Kitty: “Her life was changing, that was for sure, though she seemed to be standing still. But, ‘Up or down?’ she wondered. ‘Up or down?’ The children threw the plane back in the air and circled again on the end of its wire. Kitty walked on. It had been a baby, she knew it. She had been visited. How could it be down, when she felt such joy.”

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Anne Enright Sesh Part 5: ‘Yesterday’s Weather’ and the shortness of the short story

Critical categorising, academic quibbling over short stories tends to discomfit me more often than not. Convincing sociological explanations for novels proliferate endlessly, but seem a little more paltry when it comes to the short story, which unfortunately seems to depend a bit too often on essentialism and even worse, on national essentialism. It is an obligation, it seems, for authors on the publicity trail of a new short story collection to have to answer some vague, abstract, mealy sort of question about why they think people like short stories, which prompts some vague, abstract mealy sort of response, which rarely defers to more obvious reasons, that people like short stories because they like stories, and perhaps their shortness has something to do with it also.

Descriptions of Irish short stories discomfit me in similar ways, all too often there are things like ‘the Bardic tradition,’ mentioned, seanchaí and, god help us all, Frank O’Connor’s ‘lonely voice in the wilderness,’ as if submerging population groups are less likely to write short stories than the population groups that they submerge. Such delineations were invented, I think, to fluff out the xiii or so required pages to not another anthology of Irish writing.

So, synecdoches of the short story form are essentialising constructs that serve the ends of marketeers, hack critics and writers. Fine. With that in mind, I’m going to try to encapsulate what it is that Enright does with her short stories, based on my reading of Yesterday’s Weather which collects stories from Taking Pictures, The Portable Virgin and one or two that appear in neither.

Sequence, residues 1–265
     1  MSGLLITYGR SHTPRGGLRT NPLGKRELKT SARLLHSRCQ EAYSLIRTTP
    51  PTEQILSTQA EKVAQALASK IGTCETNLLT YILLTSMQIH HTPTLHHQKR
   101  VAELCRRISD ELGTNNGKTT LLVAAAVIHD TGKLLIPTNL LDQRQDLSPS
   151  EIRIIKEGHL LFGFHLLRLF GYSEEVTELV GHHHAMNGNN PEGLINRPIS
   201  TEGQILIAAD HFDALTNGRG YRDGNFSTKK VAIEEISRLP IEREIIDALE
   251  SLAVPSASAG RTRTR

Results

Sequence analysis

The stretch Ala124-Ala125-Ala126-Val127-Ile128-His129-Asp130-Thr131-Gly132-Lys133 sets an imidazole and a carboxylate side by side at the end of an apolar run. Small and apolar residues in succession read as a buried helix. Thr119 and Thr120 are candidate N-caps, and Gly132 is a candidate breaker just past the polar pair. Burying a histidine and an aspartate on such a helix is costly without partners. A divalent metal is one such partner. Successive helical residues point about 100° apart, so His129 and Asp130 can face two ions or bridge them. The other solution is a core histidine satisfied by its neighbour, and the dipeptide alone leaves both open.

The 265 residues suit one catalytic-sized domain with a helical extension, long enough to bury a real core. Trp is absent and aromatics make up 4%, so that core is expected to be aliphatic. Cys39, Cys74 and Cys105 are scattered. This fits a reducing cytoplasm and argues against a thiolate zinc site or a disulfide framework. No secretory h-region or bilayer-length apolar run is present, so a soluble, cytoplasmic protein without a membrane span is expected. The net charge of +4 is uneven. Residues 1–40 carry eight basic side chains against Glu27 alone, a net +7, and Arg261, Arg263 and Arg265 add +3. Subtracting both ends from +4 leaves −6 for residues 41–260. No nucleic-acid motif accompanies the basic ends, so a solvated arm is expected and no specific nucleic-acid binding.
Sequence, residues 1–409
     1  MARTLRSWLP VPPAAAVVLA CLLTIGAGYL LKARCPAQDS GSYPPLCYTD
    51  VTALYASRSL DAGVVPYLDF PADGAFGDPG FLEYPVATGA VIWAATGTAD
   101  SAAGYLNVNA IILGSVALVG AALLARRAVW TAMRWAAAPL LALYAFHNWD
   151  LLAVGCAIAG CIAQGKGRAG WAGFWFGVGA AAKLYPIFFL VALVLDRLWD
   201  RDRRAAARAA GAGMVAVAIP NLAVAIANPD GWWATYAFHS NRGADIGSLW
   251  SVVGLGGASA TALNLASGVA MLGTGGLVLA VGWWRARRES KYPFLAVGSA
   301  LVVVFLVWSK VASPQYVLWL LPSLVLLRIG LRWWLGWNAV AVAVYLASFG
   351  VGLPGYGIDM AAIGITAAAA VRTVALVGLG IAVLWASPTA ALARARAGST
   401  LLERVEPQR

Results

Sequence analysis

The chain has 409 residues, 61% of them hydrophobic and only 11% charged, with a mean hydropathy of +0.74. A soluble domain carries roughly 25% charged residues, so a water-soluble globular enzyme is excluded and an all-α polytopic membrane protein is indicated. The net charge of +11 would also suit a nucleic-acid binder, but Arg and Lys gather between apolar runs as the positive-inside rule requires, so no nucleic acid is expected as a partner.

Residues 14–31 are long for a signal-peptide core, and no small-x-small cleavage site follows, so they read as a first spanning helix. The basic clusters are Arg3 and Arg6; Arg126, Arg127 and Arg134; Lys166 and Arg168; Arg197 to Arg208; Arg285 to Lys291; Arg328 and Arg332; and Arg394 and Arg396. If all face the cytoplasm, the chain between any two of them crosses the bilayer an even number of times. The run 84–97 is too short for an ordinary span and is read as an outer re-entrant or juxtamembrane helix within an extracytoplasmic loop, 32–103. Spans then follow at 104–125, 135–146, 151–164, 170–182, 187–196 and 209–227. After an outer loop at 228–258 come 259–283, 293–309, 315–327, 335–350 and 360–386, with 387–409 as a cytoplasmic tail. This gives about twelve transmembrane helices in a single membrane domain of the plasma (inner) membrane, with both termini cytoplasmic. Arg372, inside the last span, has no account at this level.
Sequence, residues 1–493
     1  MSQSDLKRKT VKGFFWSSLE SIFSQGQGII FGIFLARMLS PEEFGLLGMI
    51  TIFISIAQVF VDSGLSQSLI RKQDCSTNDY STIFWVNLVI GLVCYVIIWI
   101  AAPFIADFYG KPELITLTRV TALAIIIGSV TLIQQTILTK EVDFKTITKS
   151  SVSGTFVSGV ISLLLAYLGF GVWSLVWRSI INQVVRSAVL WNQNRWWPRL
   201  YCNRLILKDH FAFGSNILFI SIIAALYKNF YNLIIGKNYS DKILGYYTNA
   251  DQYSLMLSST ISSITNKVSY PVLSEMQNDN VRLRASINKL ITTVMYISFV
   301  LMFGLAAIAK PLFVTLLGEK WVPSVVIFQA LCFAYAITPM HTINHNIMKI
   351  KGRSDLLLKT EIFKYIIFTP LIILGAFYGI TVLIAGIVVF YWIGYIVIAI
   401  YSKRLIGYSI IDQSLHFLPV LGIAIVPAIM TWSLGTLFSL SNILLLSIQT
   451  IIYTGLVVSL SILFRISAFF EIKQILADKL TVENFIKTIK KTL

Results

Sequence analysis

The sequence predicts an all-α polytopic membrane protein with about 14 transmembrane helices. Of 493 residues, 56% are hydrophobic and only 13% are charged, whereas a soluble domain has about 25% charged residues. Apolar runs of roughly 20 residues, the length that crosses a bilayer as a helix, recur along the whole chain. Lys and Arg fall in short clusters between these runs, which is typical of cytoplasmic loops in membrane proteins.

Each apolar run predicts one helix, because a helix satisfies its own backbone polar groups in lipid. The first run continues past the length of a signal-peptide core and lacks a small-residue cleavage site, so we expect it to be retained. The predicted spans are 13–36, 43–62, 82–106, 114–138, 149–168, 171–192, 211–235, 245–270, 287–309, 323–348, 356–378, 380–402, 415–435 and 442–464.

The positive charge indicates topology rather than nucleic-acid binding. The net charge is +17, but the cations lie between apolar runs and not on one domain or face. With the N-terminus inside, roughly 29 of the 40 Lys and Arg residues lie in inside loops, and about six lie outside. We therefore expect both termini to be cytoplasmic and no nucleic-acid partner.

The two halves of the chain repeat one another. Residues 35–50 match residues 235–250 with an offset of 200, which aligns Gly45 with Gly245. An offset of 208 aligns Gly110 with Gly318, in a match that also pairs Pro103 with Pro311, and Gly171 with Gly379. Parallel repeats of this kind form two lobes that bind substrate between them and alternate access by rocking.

Enright arranges them in reverse chronological order, as a kind of overt piss-take: “I may be the only one who is laughing, but it is a great and private joke to see myself getting younger – shedding pounds and wrinkles, gaining in innocence and affectation – as the pages turn.” So there is already a kind of retrospective, reverse-lens quality to the collection, even without the title being what it is. As the writing continues, it’s fascinating to watch the style increasingly de-stabilised, as the Nabokovian subversion of artifice, usually kept on the margins of Enright’s overtones, come into conflict with her usual mode, before overwhelming it altogether in the final story, ‘Felix,’ a writing against Lolita: “Felix, my secret, my angel boy, my dark felicity. Felix: the sibilant hiss of the final x a teasing breath on the tip of the tongue…You can always count on a suicide for a clichéd prose style.” That final sentence is a nice touch also, considering The Gathering, written eighteen years later, is about a suicide and is anything but clichéd.

‘Yesterday’s Weather,’ the story this time, not the collection, describes a young couple, Hazel and John, with a newborn. “John. Divorce! Now,’ Hazel, not really joking, jokes at one point. Hazel’s tendency to anticipate the behaviour, thoughts and potential danger the baby (who I think stays unnamed) may end up in all serve as preludes to an argument which ultimately defines their blurry, anxious weekend in Clonmel with John’s parents.